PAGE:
In a traditional manual printing (letterpress) house the word font would refer to a complete set of metal type that would be used to typeset an entire page. Unlike a digital typeface it would not include a single definition of each character, but commonly used characters (such as vowels and periods) would have more physical type-pieces included. A font when bought new would often be sold as (for example in a Roman alphabet) 12pt 14A 34a, meaning that it would be a size 12-point font containing 14 uppercase 'A's, and 34 lowercase 'A's. The rest of the characters would be provided in quantities appropriate for the distribution of letters in that language. Some metal type characters required in typesetting, such as dashes, spaces and line-height spacers, were not part of a specific font, but were generic pieces which could be used with any font. Line spacing is still often called "leading", because the strips used for line spacing were made of lead (rather than the harder alloy used for other pieces). The reason for this spacing strip being made from "lead" was because lead was a softer metal than the traditional forged metal type pieces (which was part lead, antimony and tin) and would compress more easily when "locked-up" in the printing "chase" (i.e. a carrier for holding all the type together).
In the 1880s–90s, "hot lead" typesetting was invented, in which type was cast as it was set, either piece by piece (as in the Monotype technology) or in entire lines of type at one time (as in the Linotype technology).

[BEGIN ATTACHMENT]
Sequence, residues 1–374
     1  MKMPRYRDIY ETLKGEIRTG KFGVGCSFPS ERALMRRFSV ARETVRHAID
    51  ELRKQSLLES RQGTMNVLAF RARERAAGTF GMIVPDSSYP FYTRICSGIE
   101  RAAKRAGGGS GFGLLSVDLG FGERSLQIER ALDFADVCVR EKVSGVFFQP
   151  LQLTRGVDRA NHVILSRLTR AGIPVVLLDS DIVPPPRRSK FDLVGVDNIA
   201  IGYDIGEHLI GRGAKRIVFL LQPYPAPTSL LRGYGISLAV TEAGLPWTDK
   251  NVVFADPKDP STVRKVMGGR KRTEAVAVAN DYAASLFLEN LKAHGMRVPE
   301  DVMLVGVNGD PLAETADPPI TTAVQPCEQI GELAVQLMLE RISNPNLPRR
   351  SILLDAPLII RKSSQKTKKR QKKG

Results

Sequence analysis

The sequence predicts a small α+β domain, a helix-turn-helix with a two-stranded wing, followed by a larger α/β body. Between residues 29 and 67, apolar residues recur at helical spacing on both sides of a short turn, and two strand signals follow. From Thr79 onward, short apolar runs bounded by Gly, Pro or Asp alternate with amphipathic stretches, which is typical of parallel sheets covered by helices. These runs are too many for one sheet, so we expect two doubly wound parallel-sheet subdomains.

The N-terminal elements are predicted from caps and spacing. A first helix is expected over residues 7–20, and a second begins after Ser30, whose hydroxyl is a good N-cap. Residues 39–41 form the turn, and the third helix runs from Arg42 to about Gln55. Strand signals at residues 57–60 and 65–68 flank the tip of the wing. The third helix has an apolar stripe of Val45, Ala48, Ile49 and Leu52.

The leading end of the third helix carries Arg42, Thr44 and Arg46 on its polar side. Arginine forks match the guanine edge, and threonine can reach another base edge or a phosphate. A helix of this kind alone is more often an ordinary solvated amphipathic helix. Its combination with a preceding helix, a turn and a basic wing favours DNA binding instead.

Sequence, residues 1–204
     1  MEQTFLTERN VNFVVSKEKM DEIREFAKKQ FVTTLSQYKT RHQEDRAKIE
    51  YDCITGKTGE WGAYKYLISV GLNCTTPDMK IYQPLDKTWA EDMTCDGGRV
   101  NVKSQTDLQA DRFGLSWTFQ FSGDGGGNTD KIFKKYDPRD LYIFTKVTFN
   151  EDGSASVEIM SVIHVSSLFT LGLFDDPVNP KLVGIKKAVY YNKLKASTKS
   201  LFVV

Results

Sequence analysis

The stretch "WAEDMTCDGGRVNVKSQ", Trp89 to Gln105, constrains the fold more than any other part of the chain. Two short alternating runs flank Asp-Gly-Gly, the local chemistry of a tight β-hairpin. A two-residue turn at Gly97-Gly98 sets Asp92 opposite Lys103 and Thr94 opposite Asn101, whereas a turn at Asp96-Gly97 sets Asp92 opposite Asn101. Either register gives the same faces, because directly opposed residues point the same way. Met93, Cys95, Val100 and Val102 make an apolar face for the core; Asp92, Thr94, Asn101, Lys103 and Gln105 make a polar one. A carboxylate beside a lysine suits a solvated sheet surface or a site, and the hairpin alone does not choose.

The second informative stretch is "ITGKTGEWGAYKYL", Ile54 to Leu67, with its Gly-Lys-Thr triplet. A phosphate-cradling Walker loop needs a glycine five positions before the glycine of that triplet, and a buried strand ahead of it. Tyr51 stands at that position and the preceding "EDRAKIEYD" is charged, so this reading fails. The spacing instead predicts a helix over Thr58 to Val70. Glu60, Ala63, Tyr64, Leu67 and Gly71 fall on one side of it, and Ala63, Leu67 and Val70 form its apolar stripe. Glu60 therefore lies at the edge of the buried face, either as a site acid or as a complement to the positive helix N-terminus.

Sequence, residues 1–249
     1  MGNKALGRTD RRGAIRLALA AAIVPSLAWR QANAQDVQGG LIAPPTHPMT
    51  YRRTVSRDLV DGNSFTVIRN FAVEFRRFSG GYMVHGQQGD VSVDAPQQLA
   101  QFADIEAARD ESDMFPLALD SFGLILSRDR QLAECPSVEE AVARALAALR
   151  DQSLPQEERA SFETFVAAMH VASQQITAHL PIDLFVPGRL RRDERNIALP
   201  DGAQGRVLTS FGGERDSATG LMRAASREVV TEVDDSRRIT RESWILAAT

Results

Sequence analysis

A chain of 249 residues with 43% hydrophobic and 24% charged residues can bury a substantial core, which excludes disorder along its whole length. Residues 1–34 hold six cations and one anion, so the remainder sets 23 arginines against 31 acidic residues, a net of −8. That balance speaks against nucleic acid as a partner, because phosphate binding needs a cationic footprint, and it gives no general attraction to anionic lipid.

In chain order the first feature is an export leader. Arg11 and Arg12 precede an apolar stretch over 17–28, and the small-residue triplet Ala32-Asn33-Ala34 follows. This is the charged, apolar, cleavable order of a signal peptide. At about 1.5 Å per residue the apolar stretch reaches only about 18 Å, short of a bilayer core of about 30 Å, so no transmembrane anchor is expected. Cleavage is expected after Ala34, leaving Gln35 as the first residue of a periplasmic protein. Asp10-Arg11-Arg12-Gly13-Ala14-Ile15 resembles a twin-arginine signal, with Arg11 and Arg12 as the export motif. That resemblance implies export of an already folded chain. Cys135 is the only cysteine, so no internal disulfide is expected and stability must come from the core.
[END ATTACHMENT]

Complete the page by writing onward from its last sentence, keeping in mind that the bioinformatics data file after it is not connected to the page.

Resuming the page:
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Other articles related to "type, metal type, metal":
... Transition from wood type to metal type occurred in 1234 during the Goryeo Dynasty of Korea and is credited to Choe Yun-ui ... A set of ritual books, Sangjeong Gogeum Yemun were printed with the movable metal type in 1234 ... Examples of this metal type are on display in the Asian Reading Room of the Library of Congress in Washington, D.C ...
... published in the 3rd Year of King U (July 1377) by metal type at Heungdeok temple in Cheongju ... totaling 307 chapters, but the first volume of the metal printed version is no longer extant ... the publication of Jikji by using moveable metal type and the female priest Myodeok contributed her efforts as well ...
... to use his resources in establishing bronze-type printing in 1490 ... The first book printed in bronze-type in China was the Zhu Chen Zou Yi of that year (housed now in the National Central Library of Taipei, Taiwan), a simple collection ... Hui Tong Guan (Studio of Mastery and Comprehension), meaning he had mastered the process of metal movable type printing ...
Famous quotes containing the words type and/or metal:
“The real American type can never be a ballet dancer. The legs are too long, the body too supple and the spirit too free for this school of affected grace and toe walking.”
—Isadora Duncan (18781927)
“And, indeed, is there not something holy about a great kitchen?... The scoured gleam of row upon row of metal vessels dangling from hooks or reposing on their shelves till needed with the air of so many chalices waiting for the celebration of the sacrament of food. And the range like an altar, yes, before which my mother bowed in perpetual homage, a fringe of sweat upon her upper lip and the fire glowing in her cheeks.”
—Angela Carter (19401992)